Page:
British Columbia

Wildfire smoke affecting Okanagan grapes and honey

Winemakers fear smoke taint as grapes change colour from green to red, while lethargic bees have caused a drop in honey volume.

Fears of smoke taint as wine grapes change colour; lethargic bees lead to drop in honey volume

Smoke from wildfires has been affecting vineyards in recent years, like this one in the south Okanagan, shown in 2017. (Getty Images)

The smoke from B.C.'s wildfires is having an impact on some important Okanagan produce, with honey volumes down and fears over the flavour of wine grapes.

Matt Noestheden, a PhD chemistry student at the University of British Columbia Okanagan, is working on tests to help winemakers assess the quality of smoke-shrouded grapes.

He says it's too early to predict how smoke in 2018 will affect B.C. wines, but the longer it lingers the greater the possibility of an unpleasant outcome.

Potential smoke taint

Red wine grapes change colour from green to red in a process known as veraison, and Noestheden says his research shows grapes are most susceptible to smoke taint during this colour change.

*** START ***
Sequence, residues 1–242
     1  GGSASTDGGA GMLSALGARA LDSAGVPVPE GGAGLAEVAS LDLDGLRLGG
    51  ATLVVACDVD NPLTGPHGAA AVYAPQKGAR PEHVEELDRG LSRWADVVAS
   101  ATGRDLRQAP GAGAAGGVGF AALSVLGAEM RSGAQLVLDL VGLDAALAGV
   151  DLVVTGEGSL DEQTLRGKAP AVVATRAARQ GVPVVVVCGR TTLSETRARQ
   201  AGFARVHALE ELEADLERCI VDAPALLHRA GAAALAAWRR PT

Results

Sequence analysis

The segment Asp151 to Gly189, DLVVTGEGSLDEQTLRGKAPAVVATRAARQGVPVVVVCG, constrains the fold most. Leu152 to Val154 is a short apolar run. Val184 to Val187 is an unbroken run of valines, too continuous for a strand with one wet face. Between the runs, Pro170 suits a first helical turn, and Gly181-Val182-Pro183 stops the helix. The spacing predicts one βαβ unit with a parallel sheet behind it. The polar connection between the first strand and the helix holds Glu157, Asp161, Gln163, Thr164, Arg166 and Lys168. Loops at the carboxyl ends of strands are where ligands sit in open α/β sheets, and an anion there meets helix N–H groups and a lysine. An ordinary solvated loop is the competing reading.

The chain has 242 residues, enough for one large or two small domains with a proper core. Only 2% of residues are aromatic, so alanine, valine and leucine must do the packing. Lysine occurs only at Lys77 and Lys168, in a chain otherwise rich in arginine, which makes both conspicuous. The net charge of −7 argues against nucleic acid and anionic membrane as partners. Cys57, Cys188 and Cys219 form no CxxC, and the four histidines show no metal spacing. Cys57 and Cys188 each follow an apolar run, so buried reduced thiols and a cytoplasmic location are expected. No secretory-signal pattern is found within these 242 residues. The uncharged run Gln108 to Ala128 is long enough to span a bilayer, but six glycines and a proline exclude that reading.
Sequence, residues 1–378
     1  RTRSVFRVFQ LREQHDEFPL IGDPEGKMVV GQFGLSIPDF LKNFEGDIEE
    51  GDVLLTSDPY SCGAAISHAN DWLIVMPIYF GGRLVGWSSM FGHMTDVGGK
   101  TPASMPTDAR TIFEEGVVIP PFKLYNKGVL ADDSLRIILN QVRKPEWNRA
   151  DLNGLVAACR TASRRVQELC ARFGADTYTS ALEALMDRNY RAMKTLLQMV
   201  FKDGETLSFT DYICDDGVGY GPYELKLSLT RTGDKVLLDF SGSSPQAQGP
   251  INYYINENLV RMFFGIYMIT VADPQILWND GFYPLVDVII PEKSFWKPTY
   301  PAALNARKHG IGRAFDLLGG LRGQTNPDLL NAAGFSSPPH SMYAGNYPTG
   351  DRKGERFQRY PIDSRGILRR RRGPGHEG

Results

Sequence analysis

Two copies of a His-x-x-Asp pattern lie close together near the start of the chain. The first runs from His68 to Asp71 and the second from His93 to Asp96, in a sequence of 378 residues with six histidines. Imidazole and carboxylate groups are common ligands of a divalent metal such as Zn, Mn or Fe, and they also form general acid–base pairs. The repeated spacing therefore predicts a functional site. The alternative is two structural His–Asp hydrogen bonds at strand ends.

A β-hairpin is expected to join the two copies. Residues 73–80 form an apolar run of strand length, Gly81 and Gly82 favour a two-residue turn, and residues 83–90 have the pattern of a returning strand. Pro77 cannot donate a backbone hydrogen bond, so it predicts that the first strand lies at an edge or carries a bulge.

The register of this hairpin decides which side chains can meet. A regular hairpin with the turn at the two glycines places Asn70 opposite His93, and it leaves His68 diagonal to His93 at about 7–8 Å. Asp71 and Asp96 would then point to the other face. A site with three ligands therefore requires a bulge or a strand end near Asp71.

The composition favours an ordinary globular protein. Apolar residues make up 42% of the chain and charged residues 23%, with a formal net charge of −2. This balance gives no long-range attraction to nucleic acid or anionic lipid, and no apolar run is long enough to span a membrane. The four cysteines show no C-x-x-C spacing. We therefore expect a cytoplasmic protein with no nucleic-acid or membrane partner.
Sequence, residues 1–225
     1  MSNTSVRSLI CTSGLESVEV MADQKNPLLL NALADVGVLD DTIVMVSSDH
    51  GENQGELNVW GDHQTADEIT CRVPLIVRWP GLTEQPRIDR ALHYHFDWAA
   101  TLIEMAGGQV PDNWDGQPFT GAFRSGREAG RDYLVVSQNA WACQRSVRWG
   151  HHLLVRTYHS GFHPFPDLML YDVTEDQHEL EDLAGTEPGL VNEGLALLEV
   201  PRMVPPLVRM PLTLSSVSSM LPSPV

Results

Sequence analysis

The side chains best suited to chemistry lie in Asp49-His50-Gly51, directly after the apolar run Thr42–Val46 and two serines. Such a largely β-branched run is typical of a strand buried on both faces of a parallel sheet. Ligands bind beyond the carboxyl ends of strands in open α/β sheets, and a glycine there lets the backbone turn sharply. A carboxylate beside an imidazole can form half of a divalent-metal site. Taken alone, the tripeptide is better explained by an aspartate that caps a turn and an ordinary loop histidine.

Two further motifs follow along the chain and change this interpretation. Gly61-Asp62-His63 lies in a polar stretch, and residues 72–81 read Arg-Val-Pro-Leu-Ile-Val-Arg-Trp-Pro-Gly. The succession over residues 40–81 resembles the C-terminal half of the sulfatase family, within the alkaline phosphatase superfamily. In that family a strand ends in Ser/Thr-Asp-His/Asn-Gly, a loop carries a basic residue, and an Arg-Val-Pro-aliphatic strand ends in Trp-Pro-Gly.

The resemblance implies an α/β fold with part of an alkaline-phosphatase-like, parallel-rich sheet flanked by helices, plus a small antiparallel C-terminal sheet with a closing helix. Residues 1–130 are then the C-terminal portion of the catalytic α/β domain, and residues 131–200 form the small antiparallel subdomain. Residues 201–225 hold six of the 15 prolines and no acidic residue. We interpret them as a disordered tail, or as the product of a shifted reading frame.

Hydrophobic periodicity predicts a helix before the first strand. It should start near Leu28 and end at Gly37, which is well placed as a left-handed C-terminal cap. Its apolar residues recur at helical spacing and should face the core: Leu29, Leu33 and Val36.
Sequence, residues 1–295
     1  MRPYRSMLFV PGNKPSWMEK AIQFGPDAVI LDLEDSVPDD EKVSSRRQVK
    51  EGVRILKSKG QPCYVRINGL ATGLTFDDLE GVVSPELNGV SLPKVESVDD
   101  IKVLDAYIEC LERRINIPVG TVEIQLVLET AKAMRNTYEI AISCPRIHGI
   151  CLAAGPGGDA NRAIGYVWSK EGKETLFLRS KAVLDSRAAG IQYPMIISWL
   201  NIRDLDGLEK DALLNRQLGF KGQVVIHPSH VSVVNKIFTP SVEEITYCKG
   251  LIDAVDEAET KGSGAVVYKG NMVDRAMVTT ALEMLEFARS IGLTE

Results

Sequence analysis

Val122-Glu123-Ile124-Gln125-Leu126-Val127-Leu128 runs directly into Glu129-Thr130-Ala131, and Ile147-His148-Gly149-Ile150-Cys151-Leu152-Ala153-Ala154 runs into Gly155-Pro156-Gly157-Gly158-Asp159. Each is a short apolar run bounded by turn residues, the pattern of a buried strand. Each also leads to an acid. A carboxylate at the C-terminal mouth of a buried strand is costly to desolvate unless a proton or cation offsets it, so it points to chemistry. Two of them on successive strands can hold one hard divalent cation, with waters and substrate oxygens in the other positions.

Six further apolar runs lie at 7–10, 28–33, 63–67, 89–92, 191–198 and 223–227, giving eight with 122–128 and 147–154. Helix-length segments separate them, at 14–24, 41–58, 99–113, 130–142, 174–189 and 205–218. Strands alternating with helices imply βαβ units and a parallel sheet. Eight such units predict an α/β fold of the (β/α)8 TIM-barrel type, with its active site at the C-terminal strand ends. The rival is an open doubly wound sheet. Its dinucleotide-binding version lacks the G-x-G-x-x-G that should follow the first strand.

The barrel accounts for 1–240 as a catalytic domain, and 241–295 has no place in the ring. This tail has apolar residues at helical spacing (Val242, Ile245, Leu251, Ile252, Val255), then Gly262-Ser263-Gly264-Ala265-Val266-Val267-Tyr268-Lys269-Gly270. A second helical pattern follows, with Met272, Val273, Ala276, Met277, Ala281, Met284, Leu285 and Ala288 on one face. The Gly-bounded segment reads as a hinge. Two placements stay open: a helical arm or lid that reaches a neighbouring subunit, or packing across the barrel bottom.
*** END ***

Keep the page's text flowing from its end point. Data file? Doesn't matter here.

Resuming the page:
He says that process is underway right now, especially in the north Okanagan, and the only way winemakers can tell for sure if their grapes contain a smoky taint is to produce a small batch of wine immediately after harvest.

Noestheden is working with Okanagan-based Supra Research and Development to identify chemical markers for smoke taint and he says wineries from B.C. to California are waiting for the outcome.

Smoke from the Snowy Mountain wildfire fills the sky near Cawston and Keremeos, B.C. (Regional District of Okanagan-Similkameen Emergency Management Program/Twitter)

Honey harvest lower

The smoky conditions aren't just having a negative effect on vineyards. An Okanagan beekeeper says his bees aren't producing as much honey as previous years.

Bob Chisholm estimates his operation will produce 40 per cent less honey this year because of the extremely smoky conditions in Kelowna.

The smoke makes the bees lethargic — which doesn't mean they're not doing anything, they're just getting slower, Chisholm says.

The W.R. Bennett Bridge was barely visible from West Kelowna because of smoke from wildfires earlier this week. (Brady Strachan/CBC)

He also figures the dry conditions are making for less nectar in flowers, contributing to a drop in honey produced.

Though the conditions are the worst Chisholm has seen in his 20 years of beekeeping, it's not enough for him to make changes to his operation.

"At the end of the day, we're farmers. Farmers are used to having crops up and down. We work our way through it," he said.

While he knows fires will happen every year, he's just hoping for less smoke and a better harvest in 2019.

With files from Megan Batchelor

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